Doctors disagree about Moore beheading suspect’s competency

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OKLAHOMA CITY - A judge will decide Wednesday whether the man accused in the 2014 beheading of a woman in Moore is competent to stand trial.

Investigators say Alton Nolen is facing the death penalty for first-degree murder for the brutal attack on his coworkers inside their workplace.

On Sept. 25, 2014, authorities say  Nolen stabbed 54-year-old Colleen Hufford multiple times and beheaded her inside the Vaughan Foods distribution center.

After attacking Hufford, Nolen is accused of stabbing 43-year-old Traci Johnson numerous times before being shot by Mark Vaughan, the former CEO of the company and a reserve sheriff's deputy.

Hufford died from her injuries, but Johnson survived.

Nolen's attorneys say he isn't competent to stand trial and that he tested in mental retardation range when evaluated by their expert.

Most of the testimony on Tuesday came from the state's medical expert, who evaluated Nolen back in April.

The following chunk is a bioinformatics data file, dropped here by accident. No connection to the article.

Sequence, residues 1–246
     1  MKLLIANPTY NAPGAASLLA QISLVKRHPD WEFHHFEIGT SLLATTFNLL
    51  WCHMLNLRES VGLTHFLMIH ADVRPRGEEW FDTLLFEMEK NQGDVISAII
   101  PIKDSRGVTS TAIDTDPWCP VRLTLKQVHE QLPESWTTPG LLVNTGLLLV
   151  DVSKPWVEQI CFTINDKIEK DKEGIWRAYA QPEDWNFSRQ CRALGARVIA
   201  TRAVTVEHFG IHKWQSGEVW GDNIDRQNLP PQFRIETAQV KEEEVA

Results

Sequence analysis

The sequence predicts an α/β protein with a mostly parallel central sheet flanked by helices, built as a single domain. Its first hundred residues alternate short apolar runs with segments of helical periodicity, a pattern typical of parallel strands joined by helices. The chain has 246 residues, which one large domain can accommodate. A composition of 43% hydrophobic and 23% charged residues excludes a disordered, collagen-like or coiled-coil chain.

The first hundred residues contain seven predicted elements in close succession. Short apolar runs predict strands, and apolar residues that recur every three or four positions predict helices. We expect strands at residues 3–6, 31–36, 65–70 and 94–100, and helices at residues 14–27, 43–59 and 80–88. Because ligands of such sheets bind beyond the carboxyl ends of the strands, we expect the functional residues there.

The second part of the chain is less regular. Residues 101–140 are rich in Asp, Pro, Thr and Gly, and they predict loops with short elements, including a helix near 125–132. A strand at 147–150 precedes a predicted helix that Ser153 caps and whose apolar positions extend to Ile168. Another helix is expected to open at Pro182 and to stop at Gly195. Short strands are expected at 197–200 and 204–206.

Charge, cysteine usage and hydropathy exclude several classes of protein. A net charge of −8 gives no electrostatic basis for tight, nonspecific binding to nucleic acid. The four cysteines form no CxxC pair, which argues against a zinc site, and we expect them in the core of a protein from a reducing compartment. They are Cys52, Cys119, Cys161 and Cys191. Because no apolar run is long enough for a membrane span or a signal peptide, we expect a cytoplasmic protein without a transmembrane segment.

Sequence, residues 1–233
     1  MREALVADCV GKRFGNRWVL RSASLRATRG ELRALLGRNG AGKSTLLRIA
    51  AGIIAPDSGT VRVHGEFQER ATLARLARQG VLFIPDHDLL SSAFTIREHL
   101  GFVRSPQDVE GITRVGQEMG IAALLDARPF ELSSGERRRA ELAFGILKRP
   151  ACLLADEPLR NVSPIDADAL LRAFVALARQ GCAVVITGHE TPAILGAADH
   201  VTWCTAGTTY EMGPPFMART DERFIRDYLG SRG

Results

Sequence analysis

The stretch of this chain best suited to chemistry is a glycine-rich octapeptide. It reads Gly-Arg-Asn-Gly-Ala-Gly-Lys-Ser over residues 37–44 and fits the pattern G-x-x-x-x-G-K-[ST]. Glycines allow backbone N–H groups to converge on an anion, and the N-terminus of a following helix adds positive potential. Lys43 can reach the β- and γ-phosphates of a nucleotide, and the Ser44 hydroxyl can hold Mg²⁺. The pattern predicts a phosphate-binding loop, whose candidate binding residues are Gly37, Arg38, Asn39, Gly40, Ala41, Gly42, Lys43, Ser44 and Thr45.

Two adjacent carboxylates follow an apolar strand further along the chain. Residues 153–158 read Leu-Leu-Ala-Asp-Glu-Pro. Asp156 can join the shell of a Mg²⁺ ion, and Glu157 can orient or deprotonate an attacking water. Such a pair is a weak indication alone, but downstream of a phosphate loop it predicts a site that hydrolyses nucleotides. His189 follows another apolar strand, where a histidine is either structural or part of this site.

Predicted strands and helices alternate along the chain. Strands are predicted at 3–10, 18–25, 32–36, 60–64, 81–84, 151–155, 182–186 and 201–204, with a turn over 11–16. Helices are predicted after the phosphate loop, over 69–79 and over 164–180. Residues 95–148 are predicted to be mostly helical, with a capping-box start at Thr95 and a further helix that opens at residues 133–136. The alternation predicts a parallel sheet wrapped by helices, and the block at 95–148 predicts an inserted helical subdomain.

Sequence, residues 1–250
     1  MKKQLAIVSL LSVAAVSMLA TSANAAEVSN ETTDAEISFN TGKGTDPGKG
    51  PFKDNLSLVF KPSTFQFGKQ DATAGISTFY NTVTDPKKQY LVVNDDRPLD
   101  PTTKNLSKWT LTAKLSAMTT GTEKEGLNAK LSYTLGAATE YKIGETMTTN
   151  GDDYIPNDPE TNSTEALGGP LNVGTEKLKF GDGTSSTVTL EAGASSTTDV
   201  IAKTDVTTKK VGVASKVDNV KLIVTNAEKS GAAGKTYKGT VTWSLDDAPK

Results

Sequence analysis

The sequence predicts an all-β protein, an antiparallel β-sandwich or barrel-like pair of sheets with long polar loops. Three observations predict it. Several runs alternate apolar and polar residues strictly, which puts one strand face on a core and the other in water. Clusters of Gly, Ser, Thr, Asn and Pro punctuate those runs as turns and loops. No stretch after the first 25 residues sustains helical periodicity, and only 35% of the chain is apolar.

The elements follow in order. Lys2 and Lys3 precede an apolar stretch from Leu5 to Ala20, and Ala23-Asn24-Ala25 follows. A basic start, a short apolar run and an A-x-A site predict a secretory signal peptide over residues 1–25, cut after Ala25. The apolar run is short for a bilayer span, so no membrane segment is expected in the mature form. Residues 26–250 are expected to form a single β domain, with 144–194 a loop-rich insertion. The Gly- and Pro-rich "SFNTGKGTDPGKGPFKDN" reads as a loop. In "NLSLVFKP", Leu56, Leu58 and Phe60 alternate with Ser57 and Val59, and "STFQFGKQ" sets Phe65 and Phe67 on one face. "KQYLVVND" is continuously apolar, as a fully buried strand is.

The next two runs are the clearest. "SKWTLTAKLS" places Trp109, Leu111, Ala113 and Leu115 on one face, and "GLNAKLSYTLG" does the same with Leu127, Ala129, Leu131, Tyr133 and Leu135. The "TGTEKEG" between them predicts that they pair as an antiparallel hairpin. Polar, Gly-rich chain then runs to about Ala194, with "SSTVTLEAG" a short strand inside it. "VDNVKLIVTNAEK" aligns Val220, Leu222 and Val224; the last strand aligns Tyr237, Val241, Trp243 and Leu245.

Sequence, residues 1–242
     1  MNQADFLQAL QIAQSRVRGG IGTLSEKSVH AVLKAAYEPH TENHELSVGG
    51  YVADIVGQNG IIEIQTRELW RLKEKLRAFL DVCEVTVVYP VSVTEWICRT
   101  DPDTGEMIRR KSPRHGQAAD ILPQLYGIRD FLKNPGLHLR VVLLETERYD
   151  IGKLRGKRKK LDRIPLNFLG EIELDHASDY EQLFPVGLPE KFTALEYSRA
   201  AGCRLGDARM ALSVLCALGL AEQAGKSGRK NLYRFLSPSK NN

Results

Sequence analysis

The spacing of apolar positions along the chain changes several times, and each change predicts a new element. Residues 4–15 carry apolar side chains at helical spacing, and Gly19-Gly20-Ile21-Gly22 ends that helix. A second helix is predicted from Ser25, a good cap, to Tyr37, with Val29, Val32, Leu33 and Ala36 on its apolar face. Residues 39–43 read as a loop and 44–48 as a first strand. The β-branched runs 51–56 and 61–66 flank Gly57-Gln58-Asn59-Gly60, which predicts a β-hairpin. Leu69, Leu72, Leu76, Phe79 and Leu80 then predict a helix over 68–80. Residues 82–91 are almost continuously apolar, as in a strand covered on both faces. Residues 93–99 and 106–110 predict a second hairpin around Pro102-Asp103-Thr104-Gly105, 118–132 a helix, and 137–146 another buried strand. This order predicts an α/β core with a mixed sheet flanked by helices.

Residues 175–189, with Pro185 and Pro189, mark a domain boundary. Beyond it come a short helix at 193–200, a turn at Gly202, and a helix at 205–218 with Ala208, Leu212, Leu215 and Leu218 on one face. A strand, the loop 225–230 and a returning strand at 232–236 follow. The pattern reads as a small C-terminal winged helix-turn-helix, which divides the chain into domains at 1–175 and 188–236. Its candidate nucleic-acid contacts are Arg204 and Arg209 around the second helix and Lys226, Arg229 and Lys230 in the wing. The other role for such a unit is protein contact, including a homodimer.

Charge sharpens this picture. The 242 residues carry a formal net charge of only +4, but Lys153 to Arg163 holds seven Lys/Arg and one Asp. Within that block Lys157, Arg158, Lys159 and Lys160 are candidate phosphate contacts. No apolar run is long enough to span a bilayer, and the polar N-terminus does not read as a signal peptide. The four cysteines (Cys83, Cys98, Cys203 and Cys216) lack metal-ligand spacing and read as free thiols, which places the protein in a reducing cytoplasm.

The doctor testified that in his opinion, Nolen is competent to stand trial.

He said that Nolen made it clear to him that he was unhappy his competency was being questioned.

The alleged suspect also told both the state's doctor and the defense team's expert that he wanted to be put to death.

Nolen reportedly claimed what he did was justified because of the way he was 'mistreated' at work.

The state's doctor testified that Nolen told him he was aware of the charges against him and he also knew the penalties.

According to the doctor, Nolen said he didn't have any concerns about the death penalty and wasn't worried about the afterlife, saying he's Muslim.

Nolen's attorney criticized the state's doctor, saying he only evaluated Nolen for an hour. His attorney claims that he is intellectually disabled and unable to help with his legal defense.

However, medical experts were not the only ones who took the stand on Tuesday.

The court also heard from Nolen's high school football coach and former players. They testified that Nolen was a good-natured kid who was known to break up fights at school.

Prosecutors and defense attorneys presented closing arguments late Tuesday afternoon.

The judge is expected to make her decision by noon on Wednesday.

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